|Anna Louise Strong 安娜•路易斯•斯特朗 (Ānnà Lùyìsī Sītèlǎng) was born in Nebraska in 1885. Her travels from a rural town during the horse and buggy days to a life in China took her through much of modern history. Her minister father relocated the family several times, ending up in Oak Park, a suburb of Chicago. She was exceptional from the beginning. She attended Bryn Mawr, Oberlin, and completed her doctorate in Philosophy at the University of Chicago, an uncommon accomplishment for a woman in those days.
Her early career focused on children and education. She became convinced that the social conditions surrounding them perpetuated poverty. She began to actively propose and support reform. During the early part of the 1900s the great social movements were overtaking the world.
She moved into journalism almost by accident, but eventually traveled to Russia to report on the experiments and political situation there. In the 1920s she made her first visit to China and wrote China's Millions (1928) and Red Star in Samarkand (1929). During the visit she interviewed and became friends with Zhou Enlai.
Most of her middle years were spent in Russia, or in America lecturing and writing about Russia. She continued to travel throughout Asia to report on conditions. In 1946 she interviewed Mao Zedong in his camp in the mountains of Yenan. In her own words:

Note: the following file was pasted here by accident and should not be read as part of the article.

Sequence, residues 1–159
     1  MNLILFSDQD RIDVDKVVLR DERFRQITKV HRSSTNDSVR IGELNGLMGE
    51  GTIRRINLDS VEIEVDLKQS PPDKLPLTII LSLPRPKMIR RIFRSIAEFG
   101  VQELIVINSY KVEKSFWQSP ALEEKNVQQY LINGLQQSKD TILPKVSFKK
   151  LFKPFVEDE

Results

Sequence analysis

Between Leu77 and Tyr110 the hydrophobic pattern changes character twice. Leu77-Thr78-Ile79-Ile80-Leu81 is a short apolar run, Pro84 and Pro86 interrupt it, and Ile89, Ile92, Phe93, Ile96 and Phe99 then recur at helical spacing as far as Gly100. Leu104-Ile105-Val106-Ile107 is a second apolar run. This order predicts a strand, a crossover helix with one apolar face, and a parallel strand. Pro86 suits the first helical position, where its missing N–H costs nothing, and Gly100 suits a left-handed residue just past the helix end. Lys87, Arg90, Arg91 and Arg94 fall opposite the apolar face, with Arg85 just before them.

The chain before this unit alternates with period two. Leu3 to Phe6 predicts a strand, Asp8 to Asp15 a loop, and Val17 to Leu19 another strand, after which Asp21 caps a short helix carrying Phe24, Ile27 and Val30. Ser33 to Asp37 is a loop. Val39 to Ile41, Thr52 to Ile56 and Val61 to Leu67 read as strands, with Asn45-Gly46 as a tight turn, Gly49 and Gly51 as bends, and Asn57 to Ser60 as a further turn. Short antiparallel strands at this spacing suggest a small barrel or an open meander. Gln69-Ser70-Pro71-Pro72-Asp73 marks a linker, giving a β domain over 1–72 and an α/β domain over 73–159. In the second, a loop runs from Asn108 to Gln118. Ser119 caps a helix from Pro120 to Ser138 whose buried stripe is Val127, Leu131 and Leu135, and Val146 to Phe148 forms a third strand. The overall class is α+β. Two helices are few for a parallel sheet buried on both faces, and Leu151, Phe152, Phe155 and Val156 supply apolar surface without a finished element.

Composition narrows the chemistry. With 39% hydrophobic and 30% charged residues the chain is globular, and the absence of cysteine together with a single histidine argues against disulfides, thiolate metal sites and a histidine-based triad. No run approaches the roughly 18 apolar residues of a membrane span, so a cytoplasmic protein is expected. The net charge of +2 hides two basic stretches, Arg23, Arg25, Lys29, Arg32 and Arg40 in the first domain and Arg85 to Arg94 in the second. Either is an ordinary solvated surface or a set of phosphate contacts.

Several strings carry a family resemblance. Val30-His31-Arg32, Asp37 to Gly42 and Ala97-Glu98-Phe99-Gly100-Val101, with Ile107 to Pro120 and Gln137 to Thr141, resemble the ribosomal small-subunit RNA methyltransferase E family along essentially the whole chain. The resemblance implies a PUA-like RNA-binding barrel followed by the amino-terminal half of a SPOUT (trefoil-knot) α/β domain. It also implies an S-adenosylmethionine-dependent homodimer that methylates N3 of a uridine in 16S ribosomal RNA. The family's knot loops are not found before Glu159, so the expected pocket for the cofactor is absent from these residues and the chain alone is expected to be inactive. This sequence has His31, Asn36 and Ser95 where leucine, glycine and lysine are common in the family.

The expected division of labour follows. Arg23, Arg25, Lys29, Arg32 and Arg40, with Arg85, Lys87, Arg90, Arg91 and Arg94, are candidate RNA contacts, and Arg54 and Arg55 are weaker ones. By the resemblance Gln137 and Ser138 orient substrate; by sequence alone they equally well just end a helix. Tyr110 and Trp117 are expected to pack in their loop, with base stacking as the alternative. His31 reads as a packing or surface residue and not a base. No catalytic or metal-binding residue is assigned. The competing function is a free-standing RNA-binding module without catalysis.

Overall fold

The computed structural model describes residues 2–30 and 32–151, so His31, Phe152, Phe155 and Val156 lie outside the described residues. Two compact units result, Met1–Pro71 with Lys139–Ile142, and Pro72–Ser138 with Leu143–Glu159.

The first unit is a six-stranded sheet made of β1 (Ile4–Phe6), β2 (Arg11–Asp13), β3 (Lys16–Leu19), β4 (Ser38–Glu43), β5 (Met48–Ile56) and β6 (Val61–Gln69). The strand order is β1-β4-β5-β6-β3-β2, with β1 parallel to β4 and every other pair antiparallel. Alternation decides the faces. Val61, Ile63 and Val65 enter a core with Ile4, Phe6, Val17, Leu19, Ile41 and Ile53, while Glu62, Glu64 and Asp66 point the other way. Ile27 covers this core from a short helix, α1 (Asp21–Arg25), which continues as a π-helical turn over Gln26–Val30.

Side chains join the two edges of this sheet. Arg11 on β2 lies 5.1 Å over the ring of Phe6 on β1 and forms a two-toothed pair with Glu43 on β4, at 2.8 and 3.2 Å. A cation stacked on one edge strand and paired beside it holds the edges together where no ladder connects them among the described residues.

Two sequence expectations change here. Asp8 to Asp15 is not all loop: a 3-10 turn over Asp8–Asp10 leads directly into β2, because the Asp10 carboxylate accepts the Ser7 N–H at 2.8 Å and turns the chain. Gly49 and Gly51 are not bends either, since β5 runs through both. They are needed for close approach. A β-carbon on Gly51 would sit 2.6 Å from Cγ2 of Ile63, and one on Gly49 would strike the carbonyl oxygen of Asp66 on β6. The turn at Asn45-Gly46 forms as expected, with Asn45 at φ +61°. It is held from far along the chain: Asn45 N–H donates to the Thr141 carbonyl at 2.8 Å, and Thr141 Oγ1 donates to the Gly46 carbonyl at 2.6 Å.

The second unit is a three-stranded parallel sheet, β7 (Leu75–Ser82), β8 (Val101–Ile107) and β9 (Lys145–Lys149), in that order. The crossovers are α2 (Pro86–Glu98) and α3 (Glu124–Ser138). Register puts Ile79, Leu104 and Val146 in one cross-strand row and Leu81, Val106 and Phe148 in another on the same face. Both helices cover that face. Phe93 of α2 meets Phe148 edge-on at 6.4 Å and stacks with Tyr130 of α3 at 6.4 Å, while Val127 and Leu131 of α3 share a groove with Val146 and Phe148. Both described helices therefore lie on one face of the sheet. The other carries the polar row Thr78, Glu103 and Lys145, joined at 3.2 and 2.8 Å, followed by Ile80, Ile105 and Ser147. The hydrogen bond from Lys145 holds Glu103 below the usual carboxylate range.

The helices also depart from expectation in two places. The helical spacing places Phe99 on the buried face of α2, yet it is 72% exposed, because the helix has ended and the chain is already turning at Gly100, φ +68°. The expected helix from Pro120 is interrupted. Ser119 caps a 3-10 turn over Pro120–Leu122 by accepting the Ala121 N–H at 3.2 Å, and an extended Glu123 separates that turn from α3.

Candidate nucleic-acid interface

I spent the winter in Yenan, living in a "cave", a 12-by-20-foot room dug into a cliff, with arched walls of white-washed earth, stone-flagged floor and front of lattice filled in with paper windows. Can I explain why I wanted to stay forever? There were no luxuries and few comforts. There were people with keen minds, deep thoughts and a world view. I felt my own mind developing. I wrote later: "Never have I felt so close to the human power that builds the world as in that isolated, beleaguered Yenan." -- Letters from China. Letter Number 10, July 26, 1963.
In 1949 the Soviets convicted her of being a spy and expelled her. They then cleared her in 1955. She returned to the Soviet Union in 1957 and was welcomed, but moved on to settle in Beijing where she spent the rest of her life. She was 72. Her Letters from China were one of the few avenues of information about China in English during the 1960s.
During this last period she lived as a guest of the Chinese government with other expatriate reformers such as Rewi Alley, a New Zealander who had worked for social improvements in China all of his adult life. Surrounded by intellectual stimulation, Strong continued to write prolifically to the end of her life.
The link below will take you to a collection of full text works including: Talk with Mao Tse Tung (1946); When Serfs Stood up in Tibet (1959); and Letters from China (1963).
Last update: July 2009
© Marilyn Shea, 2009